Sawfish are marine shark-like cartilaginous fish in the family Pristidae in order Rajiformes. Sawfish are characterized by their long snout nose which has sharp teeth on each side. Like other rays, sawfish lurk to attack schools of prey fish with its long snout, and devour the injured fish. The long snout also serves as a defensive weapon, inflicting serious injury on any enemy attacking it. Sawfish have gill slits on the undersurface of the body on both sides, posterior to the mouth, as in other rays.
Sawfish are generally found in shallow waters in tropical seas, with some species occurring in brackish or fresh water. A population of sawfish lives in Lake Nicaragua, completely separated from the sea. Sawfish can grow to large sizes. The small tooth sawfish, Pristits pectinata averages 15 ft (5 m) in length, and specimens have been found up to 20 ft (6 m) long and weighing 800 lb (360 kg). This species lives in the warm waters of the Atlantic from the Mediterranean to Africa and across the Atlantic Ocean to the coast of Brazil. Another Atlantic species is the large-tooth sawfish, P. perotteti.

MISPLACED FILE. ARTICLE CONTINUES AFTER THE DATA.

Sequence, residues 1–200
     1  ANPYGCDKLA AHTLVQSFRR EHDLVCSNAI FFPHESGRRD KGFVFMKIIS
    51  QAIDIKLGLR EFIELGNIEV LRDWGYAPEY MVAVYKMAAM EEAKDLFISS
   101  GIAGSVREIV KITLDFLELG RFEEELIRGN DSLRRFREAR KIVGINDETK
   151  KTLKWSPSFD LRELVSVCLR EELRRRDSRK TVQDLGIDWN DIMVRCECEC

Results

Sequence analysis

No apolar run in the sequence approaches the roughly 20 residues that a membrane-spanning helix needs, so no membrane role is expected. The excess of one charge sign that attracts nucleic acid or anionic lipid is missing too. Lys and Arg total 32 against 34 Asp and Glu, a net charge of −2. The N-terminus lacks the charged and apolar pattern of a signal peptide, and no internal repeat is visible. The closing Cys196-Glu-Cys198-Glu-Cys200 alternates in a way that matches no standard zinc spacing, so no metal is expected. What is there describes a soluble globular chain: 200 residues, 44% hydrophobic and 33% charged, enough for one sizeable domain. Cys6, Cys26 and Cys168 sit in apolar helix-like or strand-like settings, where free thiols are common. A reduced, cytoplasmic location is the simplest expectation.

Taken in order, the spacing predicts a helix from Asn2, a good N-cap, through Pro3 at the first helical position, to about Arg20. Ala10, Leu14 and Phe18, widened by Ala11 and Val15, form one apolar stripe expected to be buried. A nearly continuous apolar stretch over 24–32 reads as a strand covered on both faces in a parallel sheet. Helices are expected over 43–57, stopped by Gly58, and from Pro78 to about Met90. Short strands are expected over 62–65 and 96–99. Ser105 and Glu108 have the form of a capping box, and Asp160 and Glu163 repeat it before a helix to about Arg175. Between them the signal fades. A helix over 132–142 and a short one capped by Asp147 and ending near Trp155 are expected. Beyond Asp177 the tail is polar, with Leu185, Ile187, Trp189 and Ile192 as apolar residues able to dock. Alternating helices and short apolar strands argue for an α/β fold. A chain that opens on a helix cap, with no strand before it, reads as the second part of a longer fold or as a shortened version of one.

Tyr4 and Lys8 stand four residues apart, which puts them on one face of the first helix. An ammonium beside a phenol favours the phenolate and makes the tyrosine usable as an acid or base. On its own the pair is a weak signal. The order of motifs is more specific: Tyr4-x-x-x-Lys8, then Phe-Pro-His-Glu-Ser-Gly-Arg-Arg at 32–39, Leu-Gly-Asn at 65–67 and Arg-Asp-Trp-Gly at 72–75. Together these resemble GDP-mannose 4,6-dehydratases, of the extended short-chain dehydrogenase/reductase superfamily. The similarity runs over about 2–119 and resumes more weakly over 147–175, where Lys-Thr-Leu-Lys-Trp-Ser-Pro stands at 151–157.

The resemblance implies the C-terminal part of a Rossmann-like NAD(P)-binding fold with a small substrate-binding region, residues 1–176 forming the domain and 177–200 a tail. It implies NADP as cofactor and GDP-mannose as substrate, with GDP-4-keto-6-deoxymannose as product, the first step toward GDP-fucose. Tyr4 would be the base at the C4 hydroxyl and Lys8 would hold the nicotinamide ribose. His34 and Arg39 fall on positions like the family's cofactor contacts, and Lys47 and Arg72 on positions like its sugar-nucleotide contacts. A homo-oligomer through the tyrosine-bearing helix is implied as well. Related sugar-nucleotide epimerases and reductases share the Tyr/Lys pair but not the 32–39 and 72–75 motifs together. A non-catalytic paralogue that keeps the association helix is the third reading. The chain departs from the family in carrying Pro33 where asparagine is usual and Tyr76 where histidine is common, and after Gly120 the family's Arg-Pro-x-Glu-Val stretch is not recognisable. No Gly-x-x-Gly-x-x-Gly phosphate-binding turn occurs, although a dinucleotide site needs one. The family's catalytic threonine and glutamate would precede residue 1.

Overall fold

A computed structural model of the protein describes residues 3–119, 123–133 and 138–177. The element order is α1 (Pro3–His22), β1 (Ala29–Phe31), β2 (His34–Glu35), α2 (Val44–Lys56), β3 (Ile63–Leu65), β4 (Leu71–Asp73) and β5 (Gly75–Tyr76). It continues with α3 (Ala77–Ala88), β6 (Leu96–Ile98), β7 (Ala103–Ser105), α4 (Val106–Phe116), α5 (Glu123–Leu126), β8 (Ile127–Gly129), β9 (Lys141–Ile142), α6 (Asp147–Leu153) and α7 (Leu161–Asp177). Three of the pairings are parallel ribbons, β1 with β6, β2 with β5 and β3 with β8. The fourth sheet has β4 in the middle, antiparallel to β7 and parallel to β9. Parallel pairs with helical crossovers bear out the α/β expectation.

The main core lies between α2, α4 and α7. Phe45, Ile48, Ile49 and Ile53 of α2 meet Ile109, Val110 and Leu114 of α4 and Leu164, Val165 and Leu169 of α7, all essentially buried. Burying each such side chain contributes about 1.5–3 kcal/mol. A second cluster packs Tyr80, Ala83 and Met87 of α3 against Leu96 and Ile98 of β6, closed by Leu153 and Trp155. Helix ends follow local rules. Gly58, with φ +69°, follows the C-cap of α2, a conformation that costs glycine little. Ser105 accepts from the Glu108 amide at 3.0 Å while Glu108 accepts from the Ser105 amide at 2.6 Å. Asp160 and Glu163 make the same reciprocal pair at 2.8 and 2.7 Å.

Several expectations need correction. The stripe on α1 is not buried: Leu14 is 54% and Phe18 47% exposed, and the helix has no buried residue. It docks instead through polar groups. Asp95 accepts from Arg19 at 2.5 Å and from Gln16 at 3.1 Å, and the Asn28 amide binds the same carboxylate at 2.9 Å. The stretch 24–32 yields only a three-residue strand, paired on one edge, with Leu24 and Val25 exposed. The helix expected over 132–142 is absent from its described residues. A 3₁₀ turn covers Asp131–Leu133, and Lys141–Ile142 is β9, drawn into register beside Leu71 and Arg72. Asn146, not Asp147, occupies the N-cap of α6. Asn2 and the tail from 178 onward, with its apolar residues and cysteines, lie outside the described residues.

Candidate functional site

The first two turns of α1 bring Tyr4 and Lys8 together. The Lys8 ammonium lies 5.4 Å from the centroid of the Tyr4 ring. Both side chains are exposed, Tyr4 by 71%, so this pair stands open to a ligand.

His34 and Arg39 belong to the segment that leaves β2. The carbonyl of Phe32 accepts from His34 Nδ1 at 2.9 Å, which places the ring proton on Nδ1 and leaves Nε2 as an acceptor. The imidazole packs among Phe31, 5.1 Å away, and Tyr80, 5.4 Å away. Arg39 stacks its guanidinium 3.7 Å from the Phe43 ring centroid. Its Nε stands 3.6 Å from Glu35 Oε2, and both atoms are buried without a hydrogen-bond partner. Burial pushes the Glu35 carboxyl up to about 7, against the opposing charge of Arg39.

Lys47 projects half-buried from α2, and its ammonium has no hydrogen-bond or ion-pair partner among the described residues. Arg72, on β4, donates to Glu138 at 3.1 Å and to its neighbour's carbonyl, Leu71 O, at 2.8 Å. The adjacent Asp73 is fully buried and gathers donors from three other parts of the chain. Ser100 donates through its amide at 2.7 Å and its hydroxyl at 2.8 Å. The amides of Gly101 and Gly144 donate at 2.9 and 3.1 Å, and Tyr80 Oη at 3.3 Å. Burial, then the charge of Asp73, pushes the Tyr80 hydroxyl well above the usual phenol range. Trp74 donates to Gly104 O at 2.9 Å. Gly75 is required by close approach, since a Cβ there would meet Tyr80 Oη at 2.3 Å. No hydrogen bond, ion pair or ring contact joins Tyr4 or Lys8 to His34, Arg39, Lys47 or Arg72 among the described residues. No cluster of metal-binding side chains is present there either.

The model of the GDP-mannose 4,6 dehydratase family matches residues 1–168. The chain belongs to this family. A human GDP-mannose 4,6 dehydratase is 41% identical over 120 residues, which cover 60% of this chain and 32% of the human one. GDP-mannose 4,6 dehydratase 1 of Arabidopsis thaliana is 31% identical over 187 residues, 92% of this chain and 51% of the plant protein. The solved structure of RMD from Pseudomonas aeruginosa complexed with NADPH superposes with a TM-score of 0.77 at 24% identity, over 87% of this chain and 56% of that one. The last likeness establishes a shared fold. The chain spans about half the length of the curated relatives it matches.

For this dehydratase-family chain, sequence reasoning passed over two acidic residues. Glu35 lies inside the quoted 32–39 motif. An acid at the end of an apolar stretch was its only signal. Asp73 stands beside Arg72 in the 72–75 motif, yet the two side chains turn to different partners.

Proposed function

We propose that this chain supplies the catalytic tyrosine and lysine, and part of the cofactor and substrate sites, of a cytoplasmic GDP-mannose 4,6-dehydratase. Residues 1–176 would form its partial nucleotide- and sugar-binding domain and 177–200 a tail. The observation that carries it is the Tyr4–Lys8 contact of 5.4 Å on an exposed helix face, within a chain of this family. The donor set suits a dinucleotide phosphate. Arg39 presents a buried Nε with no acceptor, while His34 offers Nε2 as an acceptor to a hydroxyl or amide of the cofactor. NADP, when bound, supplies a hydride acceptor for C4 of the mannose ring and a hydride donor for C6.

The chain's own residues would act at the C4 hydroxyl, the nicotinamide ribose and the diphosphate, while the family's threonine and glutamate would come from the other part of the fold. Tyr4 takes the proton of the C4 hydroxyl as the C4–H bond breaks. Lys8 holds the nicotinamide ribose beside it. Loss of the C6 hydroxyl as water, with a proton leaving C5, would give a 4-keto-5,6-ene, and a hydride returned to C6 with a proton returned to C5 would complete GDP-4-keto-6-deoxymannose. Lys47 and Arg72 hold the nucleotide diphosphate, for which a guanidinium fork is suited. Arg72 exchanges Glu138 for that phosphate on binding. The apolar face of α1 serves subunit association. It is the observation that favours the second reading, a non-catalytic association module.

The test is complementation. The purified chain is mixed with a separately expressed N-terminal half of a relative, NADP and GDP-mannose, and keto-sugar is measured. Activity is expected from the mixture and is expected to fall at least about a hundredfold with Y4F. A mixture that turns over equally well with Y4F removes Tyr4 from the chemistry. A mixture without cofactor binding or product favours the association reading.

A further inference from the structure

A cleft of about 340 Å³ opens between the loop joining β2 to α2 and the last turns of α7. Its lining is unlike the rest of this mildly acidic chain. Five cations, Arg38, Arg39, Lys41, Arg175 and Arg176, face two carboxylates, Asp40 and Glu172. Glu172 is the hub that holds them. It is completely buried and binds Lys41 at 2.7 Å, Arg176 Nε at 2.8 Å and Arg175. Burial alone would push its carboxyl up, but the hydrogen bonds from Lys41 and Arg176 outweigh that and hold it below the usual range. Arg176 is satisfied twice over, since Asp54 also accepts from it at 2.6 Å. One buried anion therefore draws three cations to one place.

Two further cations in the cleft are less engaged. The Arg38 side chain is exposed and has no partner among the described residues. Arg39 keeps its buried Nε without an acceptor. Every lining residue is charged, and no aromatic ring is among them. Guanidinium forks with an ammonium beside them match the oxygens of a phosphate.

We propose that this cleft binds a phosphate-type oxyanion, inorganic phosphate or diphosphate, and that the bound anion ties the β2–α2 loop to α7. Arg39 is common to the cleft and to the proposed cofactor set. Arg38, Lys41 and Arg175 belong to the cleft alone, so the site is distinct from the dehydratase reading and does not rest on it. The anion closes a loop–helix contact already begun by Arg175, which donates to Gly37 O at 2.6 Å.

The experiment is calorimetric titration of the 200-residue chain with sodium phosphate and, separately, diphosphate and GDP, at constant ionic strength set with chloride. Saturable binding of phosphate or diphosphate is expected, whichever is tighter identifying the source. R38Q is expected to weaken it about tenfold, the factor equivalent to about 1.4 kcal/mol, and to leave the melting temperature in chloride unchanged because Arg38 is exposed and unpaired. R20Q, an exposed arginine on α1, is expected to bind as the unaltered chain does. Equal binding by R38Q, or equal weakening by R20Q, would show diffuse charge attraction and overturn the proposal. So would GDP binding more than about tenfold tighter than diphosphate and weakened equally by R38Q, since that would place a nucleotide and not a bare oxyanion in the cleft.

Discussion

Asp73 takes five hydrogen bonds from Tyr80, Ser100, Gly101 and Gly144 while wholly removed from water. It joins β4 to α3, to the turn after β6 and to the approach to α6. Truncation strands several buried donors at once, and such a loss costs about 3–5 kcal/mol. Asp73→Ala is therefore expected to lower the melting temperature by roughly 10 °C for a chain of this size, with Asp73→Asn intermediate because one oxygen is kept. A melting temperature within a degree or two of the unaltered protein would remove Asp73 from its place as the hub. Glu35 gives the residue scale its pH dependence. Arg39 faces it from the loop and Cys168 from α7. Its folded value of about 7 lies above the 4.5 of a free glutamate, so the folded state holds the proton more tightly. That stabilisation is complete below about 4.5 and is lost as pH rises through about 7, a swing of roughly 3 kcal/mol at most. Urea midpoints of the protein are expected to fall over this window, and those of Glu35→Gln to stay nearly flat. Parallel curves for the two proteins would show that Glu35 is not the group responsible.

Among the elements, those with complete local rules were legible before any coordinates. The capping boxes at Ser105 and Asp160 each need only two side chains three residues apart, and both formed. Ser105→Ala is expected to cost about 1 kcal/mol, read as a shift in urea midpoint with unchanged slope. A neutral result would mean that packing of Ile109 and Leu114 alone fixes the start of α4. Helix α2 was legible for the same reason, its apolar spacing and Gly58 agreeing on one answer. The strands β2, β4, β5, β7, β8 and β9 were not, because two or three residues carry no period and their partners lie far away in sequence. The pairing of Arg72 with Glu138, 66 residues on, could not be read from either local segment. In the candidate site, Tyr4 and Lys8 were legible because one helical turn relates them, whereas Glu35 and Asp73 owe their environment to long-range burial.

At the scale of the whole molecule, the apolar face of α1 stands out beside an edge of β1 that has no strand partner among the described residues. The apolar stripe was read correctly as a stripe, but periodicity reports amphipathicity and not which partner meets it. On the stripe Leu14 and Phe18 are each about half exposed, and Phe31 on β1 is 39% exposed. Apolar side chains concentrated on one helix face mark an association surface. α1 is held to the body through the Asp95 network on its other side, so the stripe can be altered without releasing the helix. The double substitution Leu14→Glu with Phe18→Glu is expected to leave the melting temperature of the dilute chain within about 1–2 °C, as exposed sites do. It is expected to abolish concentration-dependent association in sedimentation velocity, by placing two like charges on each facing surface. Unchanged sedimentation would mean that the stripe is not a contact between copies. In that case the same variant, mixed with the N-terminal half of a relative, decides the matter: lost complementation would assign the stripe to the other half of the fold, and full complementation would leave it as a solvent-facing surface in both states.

Sawfish in the Indo-Pacific Ocean grow to large sizes. Specimens of marine sawfish, P. microdon and P. cuspidatus, have been observed in the rivers of Thailand. Pristis pristis is found far up major rivers in African while P. leichhardit prefers fresh water.